It's no secret that divorce causes serious financial strain. A spouse going through a divorce in Colorado may be faced with legal obligations to pay spousal support and child support, which can set a person back financially. A new study is showing that in addition to these factors, divorce can actually cause a reduction in income, at least among men.
The researchers looked at census data and compared productivity, as measured in income, for divorced men, married men and men who had never married. They learned that men who had undergone divorce made less income over a period of years than the married and never-married groups. In addition, the rate of income growth for divorced men was lower than for the others.
One divorce lawyer suggested that the lower levels of income and income growth may be related to the stress and depression that a man goes through during and after a divorce. In the workplace, a man who is trying to balance work with custody or visitation schedules, and who is also obligated to pay spousal or child support, may be less productive. In extreme cases the lack of productivity may result in job loss, further exacerbating the situation.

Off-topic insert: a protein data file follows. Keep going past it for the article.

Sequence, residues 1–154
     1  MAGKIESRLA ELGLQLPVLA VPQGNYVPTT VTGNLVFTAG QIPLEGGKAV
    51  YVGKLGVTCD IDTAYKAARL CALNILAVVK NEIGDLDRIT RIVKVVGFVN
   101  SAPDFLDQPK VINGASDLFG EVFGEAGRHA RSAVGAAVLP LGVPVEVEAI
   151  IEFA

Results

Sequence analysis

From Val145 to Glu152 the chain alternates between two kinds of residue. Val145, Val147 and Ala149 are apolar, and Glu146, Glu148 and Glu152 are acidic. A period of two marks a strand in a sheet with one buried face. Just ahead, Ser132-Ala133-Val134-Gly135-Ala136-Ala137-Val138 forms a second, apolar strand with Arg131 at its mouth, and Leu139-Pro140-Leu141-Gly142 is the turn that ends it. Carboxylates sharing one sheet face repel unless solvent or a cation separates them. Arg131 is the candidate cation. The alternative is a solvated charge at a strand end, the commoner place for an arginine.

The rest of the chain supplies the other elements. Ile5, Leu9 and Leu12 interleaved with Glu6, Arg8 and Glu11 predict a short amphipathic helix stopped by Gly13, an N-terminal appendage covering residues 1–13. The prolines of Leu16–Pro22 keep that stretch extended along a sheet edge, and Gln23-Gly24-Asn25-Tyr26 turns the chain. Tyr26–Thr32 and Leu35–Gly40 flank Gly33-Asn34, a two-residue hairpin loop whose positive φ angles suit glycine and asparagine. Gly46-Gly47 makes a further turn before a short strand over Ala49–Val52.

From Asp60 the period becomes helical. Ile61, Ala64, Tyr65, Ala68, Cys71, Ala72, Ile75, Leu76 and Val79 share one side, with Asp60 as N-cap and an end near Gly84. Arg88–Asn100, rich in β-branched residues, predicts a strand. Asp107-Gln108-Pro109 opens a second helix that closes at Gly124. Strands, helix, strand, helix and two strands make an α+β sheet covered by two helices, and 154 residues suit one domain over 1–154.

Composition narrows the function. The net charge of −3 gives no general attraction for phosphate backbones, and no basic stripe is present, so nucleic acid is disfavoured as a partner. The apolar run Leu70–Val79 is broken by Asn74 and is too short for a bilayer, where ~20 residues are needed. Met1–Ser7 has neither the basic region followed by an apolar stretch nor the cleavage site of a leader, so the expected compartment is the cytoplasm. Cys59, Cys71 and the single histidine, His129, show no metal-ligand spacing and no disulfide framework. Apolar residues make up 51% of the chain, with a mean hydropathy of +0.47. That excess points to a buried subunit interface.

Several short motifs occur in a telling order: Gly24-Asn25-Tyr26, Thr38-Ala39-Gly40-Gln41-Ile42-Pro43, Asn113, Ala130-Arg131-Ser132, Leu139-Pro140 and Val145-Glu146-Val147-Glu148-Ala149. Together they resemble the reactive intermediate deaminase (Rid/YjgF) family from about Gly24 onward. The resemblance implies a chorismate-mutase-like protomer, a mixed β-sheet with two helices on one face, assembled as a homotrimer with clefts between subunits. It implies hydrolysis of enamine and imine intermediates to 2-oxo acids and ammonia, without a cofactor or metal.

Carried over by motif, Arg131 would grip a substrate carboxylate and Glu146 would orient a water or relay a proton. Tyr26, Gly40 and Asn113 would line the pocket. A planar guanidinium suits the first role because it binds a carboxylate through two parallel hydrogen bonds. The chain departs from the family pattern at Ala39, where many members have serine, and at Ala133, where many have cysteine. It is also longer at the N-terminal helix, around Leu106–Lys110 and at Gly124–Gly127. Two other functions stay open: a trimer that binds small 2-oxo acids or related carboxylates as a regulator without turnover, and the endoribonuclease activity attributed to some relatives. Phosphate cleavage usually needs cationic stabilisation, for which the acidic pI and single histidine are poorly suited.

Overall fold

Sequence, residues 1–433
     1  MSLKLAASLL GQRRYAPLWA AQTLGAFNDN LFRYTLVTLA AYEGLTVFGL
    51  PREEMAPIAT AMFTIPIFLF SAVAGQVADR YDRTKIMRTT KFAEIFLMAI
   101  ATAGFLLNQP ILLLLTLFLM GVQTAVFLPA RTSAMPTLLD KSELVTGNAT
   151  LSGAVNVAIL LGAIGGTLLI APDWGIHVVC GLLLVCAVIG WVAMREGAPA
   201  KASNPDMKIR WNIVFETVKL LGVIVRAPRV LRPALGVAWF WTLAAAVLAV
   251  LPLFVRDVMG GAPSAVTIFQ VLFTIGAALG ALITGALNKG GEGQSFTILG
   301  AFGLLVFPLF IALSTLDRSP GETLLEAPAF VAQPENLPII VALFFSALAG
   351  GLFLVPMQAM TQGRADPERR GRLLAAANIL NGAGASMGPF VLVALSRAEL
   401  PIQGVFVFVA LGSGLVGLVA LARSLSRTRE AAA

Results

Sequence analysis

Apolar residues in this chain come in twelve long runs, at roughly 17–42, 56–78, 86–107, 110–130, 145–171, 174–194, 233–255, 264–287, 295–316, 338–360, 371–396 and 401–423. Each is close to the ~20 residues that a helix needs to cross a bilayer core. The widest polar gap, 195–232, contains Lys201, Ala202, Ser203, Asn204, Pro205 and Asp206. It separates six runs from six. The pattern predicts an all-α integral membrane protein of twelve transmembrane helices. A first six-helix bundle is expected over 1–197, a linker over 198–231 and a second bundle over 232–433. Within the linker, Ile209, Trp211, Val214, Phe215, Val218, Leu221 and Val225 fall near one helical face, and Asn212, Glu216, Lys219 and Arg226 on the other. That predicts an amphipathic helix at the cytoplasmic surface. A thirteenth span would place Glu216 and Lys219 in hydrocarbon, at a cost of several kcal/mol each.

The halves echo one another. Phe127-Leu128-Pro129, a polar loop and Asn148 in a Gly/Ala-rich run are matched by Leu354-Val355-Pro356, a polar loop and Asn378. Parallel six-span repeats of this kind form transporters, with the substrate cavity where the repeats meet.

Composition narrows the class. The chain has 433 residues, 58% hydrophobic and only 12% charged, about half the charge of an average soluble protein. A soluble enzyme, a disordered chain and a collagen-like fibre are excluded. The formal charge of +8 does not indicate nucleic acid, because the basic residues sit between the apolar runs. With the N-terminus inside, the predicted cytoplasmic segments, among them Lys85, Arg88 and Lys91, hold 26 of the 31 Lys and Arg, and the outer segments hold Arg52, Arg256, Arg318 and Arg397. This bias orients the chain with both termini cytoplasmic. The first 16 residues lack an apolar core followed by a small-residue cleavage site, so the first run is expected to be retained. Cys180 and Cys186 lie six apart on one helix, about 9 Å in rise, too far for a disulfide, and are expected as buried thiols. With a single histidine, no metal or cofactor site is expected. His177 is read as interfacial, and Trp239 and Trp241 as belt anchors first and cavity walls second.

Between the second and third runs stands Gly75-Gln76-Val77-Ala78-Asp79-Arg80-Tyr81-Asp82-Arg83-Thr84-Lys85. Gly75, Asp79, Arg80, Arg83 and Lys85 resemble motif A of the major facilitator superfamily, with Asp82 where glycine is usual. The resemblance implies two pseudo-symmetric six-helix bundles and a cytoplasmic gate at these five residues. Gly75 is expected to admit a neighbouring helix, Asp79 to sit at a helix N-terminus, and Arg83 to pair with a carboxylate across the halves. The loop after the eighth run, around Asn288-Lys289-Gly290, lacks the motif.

Over time, however, people do adjust. The attorney said that while he sees lower productivity and a temporary decline in income in many of his clients, many actually end up being more productive in the long term because of the increased financial obligations.
Although the study focused only on statistics related to men, it seems likely the same phenomenon occurs with women undergoing divorce. Regardless of gender, it is important for divorcing spouses to maintain their physical and emotional health as much as possible. If a spouse can find healthy ways to relieve the inevitable stress of divorce, the impact on productivity and income should be temporary.
Source: Deseret News, "Married men likely to make more money than those who divorce," Whitney Evans, Aug. 13, 2012